A Balancing Act

By Brett Dowling (Slow Thinker)

The United States federal debt is approaching $20 trillion at a breakneck pace, as politicians—Republicans and Democrats alike—continue to post massive budget deficits. There is currently no plan to return the budget to surplus, which is indeed a tall order given the annual deficit currently runs at around half a trillion dollars.

What has become clear is that structural budget deficits are not the result of ideology, but instead are a consequence of the structures of our political system. No matter the partisan affiliations of the President and the Congress, over the past 40 years only four surplus budgets have been passed. The inability of politicians to muster enough political will to pass a balanced budget—be it through tax increases or spending cuts—is reflective of political incentives that reward politicians spending (or cutting taxes) today for current voters regardless of whether adequate resources are presently available. However, because there are serious economic, and more importantly moral arguments against this sort of behavior, a constitutional amendment that prevents deficit spending during periods of economic growth is urgently required.

The economic rationale against consistent budget deficit spending is fairly straight-forward. To begin, government borrowing leads to the phenomenon of crowding out, in which government spending replaces more efficient private sector spending, resulting in a less desirable (and sustainable) allocation of resources in the macro-economy. Secondly, the interest payments required to service the national debt reduce our ability to implement the programs we desire. Net interest payments already hover at approximately 6 percent of the federal budget, or $223 billion, and that is within a regime of record-low interest rates. Considering our budget for non-defense discretionary spending only amounts to $585 billion, our net interest payment turns out to be quite a large sum of money that could be spent on much-needed programs today—if only previous generations spent within their limits. Instead, we may soon become trapped in a vicious cycle of indebtedness, borrowing to finance borrowing from times past.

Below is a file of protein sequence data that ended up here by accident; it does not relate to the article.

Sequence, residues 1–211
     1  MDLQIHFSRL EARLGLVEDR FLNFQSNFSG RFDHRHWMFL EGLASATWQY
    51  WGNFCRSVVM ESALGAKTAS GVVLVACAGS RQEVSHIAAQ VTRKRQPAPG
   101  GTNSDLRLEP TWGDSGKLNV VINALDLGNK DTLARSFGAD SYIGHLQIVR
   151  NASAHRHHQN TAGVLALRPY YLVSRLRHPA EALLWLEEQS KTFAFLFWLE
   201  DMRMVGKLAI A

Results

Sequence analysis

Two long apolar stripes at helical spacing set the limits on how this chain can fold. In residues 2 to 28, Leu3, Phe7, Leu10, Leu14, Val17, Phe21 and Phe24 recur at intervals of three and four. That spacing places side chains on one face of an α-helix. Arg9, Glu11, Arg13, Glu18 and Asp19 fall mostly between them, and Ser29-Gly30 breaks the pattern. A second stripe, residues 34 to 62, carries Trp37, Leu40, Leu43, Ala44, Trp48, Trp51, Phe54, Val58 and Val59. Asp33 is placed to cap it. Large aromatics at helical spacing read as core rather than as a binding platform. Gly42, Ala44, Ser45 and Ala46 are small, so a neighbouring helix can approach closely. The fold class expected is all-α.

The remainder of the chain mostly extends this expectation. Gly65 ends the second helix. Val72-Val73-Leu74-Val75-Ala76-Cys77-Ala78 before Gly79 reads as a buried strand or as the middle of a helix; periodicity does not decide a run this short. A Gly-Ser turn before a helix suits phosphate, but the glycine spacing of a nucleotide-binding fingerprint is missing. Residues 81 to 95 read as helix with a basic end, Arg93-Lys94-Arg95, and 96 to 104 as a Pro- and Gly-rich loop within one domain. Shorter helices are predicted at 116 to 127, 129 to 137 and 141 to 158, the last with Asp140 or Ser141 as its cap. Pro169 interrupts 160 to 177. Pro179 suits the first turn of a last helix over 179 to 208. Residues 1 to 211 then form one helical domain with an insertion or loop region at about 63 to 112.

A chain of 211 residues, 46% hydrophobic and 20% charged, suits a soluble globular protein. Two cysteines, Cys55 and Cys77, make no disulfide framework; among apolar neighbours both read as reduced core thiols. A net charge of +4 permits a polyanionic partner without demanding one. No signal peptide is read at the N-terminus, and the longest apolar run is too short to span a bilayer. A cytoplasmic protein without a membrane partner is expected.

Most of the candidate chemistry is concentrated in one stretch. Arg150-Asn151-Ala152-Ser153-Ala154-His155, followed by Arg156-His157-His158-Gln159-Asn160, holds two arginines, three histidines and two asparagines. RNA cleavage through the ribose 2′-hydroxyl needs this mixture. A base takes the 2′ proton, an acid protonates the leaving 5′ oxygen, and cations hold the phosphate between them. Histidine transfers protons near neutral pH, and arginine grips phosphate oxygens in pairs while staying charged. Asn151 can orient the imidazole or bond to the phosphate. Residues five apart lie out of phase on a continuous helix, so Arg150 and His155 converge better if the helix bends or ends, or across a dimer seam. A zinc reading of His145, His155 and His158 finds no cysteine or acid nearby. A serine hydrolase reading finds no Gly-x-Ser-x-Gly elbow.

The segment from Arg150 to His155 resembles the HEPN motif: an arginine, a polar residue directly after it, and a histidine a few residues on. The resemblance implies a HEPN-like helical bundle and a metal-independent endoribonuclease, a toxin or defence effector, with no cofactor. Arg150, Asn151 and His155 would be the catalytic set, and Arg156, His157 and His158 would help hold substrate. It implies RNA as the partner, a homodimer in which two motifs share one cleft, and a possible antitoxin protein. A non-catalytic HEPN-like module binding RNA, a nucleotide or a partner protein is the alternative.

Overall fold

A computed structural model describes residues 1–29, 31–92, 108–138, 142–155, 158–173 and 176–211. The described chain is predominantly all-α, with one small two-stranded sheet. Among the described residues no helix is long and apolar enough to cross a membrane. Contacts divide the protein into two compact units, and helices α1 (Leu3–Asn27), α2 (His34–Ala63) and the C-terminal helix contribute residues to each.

The real problem with deficit spending is that it requires the federal government to accumulate debt. In other words, it requires the state of the current day to commit future generations of Americans to a (nearly) unbreakable contract that requires those future generations to foot the bill for decisions they had no part in making. This is perhaps the epitome of political injustice. Given that many of the individuals who will pay off the principal debts of present-day Americans will have had no vote or voice in deciding where, when, and how the money was spent (in fact many have not even been born yet), it is wrong to regularly commit them via the sale of long-term bonds to paying for the excesses of any prior generation.

What the government of the day representing the people of the day commits to should not be both burdensome and irreversible to future generations. Otherwise, as has occurred time and time again, politicians can easily score political points by borrowing—to fund tax cuts or spending hikes—on the backs of American who cannot yet vote or engage in the political process. In doing so, they kick the can down the road for their own present success. It should not be the right of the current voting generation—or any generation—to bind future generations to such commitments unless there is a significant competing case.

The Constitution is meant to move particular matters from the political sphere to the moral sphere, in order to ensure they remain immune to the political whims of the day. All Americans, and the governments they constitute, should have a right to complete liberty when it comes to economic and political decisions. Unfortunately, the costly contracts of bonds and other debt instruments sold by the federal government restricts each electorates ability to decide where it ought to place its own fiscal priorities, and enables certain governments to make commitments for future generations without that generation’s consent. Consequently, the right to this form of political freedom must be protected via a “balanced budget” constitutional amendment that requires the Congress to post budget surpluses.

A just “balanced budget” amendment, however, would only apply to fiscal years in which economic growth occurred. During recessions, there is significant economic evidence that suggests government intervention is necessary to buoy the economy, preventing a perpetual downward economic spiral and a significant decrease in standards of living. The immediate prospect of lost economic opportunity provides clear impetus to intervene under these rare and specific conditions, thus allowing a prudent balance between economic and moral arguments to be reached.

The full economic impact and political restrictions caused by our history of deficit spending will largely fall on us—the up-and-coming generation of millennials and generation z-ers. When principal payments become due and/or interest rates return to more historically-normal levels, increasingly we will find ourselves with less and less fiscal space to pursue the sorts of plans we value. Definitive action needs to be taken now to ensure the fiscal sustainability of our government and to ensure we provide the same sorts of political and economic liberty to future generations that were once taken for granted.

Here's how author Brett Dowling suggests you get involved: Join "Americans For a Balanced Budget Amendment" 

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